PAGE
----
Last year at this time as we celebrated Thanksgiving and began Advent and Christmas preparations, we thought we were safe. Safe because we were over our quota, we had too many children. Even if we wanted to bring home another little child, we wouldn't be able to do so. That made things easy for us. Growing our family from three children to six in such a short time had taken its toll on me. I was struggling to figure it all out and there was a comfort to knowing we couldn't adopt again even if we wanted to. We put the idea of another adoption out of our minds. Somehow that lent a selfishness to our family.
Closer to Christmas I began reading a book that talked of orphanage conditions in that far off country. It was a book I only read because I was certain we couldn't adopt again. I read the book, and I wept. I wept for the children in that orphanage. I wept for my beautiful son and daughter who had most likely experienced some of what was detailed in that book. Little Juju weighed barely four pounds when she was found on the side of the road the day she was born. Poor Joseph's cleft lip and palate prevented him from getting adequate nutrition. My heart went out for them and those like them who were cold and hungry.
I thought then of my own stress. I was worried about pulling off a Currier and Ives, picture perfect holiday. Beautiful decorations, new presents, Christmas dresses, new jammies for perfect Christmas morning pictures, a cleaner home, dozens of cookies that would make Martha Stewart proud. I lost sight of what stress really was. Each night I was laying my head on a fancy silk fiber pillow, in a temperature controlled house, snuggled into a down comforter with an amazing warmth rating. While I struggled with preparing and cleaning meals, there was never a worry there wouldn't be a meal. Not just any meal either, we eat like kings; turkeys, stuffing, pies, much more than we need. We have fancy appliances to prepare meals, countless pretty dishes and gadgets. We have closets of clothes, and more in bins in the basement waiting for a child to reach the right size, and toys everywhere I turn.
These aren't even the important things. I have an amazing husband, I have six beautiful children who daily reflect the blessings of God. I'm never, sometimes overwhelmingly never, alone. I am so incredibly blessed and loved. We have an absolutely amazing extended family. Parents who make the most amazing grandparents, brothers and sisters, cousins, aunts, uncles, so many people who love us. We have wonderful friends, a beautiful parish community, a fantastic homeschool group. So many people who enrich our lives in so many ways.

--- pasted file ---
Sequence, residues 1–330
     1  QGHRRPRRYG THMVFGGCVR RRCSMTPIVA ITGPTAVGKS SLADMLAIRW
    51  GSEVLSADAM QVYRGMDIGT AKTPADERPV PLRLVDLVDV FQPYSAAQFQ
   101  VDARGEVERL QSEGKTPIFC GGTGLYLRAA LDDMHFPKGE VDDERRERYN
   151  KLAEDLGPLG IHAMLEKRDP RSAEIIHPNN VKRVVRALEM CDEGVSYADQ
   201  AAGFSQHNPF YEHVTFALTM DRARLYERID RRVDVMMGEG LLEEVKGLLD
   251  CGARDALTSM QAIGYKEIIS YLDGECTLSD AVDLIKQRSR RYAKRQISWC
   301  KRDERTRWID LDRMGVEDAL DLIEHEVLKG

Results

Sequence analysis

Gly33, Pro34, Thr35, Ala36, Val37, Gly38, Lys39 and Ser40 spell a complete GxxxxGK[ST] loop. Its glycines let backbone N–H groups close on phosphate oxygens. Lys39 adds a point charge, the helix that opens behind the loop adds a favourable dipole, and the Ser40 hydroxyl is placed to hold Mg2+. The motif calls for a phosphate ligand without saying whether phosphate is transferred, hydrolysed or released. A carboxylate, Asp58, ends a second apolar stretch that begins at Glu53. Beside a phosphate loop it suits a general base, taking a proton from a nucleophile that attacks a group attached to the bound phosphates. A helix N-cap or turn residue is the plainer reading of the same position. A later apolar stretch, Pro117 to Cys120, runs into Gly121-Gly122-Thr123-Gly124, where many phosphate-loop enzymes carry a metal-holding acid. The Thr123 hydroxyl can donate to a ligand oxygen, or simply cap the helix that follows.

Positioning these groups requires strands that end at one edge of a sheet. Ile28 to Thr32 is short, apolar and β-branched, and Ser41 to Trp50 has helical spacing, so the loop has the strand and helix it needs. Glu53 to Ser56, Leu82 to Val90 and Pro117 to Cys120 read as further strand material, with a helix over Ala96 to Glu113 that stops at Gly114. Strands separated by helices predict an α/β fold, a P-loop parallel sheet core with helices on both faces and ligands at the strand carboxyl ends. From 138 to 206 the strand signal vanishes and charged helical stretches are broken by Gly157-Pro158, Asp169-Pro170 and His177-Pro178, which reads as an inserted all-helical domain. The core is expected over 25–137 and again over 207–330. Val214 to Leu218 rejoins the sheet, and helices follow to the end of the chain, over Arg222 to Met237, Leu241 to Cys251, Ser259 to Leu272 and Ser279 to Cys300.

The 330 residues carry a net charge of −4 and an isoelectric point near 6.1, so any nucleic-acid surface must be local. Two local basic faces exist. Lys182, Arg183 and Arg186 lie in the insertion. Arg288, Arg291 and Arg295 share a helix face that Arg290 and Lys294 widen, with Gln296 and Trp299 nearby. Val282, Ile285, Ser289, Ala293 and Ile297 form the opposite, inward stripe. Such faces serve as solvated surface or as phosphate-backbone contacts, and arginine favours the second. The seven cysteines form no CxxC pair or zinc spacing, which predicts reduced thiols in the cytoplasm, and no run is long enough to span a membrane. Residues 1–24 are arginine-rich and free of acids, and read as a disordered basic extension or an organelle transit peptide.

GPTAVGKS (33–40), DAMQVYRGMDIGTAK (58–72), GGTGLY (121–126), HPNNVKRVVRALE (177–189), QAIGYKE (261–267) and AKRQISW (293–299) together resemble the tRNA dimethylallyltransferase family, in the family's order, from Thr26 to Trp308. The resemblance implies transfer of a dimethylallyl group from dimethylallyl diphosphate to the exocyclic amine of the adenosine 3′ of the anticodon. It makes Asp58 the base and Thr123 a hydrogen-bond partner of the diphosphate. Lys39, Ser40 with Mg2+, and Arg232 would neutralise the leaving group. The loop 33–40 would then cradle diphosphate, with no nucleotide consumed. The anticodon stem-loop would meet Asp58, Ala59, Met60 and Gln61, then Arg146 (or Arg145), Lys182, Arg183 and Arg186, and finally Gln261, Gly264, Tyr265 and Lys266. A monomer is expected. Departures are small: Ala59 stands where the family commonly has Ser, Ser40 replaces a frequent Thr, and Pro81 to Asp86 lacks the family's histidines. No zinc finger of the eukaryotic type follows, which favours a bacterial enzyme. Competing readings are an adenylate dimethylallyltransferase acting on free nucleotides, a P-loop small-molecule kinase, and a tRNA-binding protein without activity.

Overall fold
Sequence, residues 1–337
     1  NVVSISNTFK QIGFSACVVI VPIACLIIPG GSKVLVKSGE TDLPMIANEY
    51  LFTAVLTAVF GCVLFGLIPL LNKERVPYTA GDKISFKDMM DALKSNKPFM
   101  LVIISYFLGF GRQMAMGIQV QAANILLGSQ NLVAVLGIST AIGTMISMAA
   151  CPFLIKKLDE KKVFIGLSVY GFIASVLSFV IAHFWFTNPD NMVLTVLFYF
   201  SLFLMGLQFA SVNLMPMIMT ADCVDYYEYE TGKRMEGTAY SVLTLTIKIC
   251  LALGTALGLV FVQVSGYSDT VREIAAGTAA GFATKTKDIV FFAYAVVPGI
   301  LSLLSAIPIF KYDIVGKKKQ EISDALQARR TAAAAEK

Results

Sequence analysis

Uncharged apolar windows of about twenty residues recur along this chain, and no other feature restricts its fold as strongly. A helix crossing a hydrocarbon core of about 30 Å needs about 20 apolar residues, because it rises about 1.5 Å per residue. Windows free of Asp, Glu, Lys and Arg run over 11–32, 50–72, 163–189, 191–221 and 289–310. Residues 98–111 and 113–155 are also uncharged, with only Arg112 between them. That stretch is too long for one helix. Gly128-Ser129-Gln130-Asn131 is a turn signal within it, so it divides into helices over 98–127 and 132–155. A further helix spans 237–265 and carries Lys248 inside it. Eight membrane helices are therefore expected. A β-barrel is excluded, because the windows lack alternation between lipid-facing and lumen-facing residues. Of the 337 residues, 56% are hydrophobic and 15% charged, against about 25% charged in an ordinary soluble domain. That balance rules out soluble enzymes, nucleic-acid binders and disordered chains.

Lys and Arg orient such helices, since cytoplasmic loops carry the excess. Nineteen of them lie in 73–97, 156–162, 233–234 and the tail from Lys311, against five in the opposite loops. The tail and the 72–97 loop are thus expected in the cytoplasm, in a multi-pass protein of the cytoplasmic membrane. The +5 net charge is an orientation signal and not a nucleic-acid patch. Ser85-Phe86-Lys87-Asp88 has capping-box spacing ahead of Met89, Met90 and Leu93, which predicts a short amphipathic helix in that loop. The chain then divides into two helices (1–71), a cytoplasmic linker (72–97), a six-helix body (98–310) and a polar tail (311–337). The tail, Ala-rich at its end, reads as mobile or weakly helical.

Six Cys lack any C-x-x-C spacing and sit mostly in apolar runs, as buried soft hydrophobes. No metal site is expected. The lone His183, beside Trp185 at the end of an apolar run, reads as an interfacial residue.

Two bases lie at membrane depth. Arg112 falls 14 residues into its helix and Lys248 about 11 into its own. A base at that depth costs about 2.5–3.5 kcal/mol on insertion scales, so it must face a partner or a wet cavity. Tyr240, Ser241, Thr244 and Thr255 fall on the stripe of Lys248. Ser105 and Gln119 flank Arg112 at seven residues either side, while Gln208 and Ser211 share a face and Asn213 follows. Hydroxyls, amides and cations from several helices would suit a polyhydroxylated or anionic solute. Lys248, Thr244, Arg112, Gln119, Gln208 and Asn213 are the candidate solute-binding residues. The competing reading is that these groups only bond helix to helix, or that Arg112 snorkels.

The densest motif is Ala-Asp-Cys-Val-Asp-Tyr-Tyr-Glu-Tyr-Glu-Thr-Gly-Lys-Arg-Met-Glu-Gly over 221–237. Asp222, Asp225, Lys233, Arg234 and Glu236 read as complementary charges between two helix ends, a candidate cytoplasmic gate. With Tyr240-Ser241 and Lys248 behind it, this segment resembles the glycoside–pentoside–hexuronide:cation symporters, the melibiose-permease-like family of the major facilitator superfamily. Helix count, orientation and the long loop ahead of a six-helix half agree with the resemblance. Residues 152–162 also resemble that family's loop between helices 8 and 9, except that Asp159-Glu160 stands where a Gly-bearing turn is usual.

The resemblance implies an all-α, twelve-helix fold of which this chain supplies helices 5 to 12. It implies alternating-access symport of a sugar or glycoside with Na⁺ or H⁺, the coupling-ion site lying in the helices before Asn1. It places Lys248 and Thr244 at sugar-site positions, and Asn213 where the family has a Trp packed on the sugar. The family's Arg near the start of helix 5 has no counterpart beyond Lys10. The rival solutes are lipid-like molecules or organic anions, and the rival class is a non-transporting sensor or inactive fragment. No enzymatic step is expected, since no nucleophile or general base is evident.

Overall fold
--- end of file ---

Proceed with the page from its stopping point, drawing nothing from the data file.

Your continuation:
Stress? Really? These children might not survive the cold winter. No fancy down comforters, no thermostats, little food, little clothing, and most importantly little love. How could I be so blessed and yet think I was stressed?
Then right before Christmas last year we received an email that changed everything. It was an irrelevant message that started us asking questions, and then eventually it turned our world upside down. We could indeed adopt again....
This year I am so incredibly thankful for that privilege, again. Thankful for the reminder of the gifts we are given. Thankful for the many blessings little Peter will bring to our family. Thankful for the perspective he gives me as we head into another holiday season. No gift means as much to us as bringing him home.
Please pray for him. We long to have him here with us this Christmas, but know we still have months to wait. We want so much to lavish him with food, warmth and the love he so much needs. He still has a few cold months in a place with no family, no warm holiday mornings. All we can offer him right now is our prayers.